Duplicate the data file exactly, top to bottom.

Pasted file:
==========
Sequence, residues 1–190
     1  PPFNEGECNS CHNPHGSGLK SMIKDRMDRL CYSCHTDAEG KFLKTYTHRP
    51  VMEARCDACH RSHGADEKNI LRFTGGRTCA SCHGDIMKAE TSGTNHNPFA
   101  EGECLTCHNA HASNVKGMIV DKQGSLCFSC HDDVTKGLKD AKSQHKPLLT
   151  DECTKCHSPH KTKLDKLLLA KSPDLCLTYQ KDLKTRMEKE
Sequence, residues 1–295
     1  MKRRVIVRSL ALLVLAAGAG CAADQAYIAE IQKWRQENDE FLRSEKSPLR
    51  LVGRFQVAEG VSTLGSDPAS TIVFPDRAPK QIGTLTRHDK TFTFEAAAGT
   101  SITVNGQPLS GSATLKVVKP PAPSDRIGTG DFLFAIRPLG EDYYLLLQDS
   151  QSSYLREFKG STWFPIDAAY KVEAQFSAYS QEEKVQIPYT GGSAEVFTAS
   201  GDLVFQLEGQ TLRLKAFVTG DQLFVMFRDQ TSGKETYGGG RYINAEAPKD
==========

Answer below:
Sequence, residues 1–190
     1  PPFNEGECNS CHNPHGSGLK SMIKDRMDRL CYSCHTDAEG KFLKTYTHRP
    51  VMEARCDACH RSHGADEKNI LRFTGGRTCA SCHGDIMKAE TSGTNHNPFA
   101  EGECLTCHNA HASNVKGMIV DKQGSLCFSC HDDVTKGLKD AKSQHKPLLT
   151  DECTKCHSPH KTKLDKLLLA KSPDLCLTYQ KDLKTRMEKE
Sequence, residues 1–295
     1  MKRRVIVRSL ALLVLAAGAG CAADQAYIAE IQKWRQENDE FLRSEKSPLR
    51  LVGRFQVAEG VSTLGSDPAS TIVFPDRAPK QIGTLTRHDK TFTFEAAAGT
   101  SITVNGQPLS GSATLKVVKP PAPSDRIGTG DFLFAIRPLG EDYYLLLQDS
   151  QSSYLREFKG STWFPIDAAY KVEAQFSAYS QEEKVQIPYT GGSAEVFTAS
   201  GDLVFQLEGQ TLRLKAFVTG DQLFVMFRDQ TSGKETYGGG RYINAEAPKD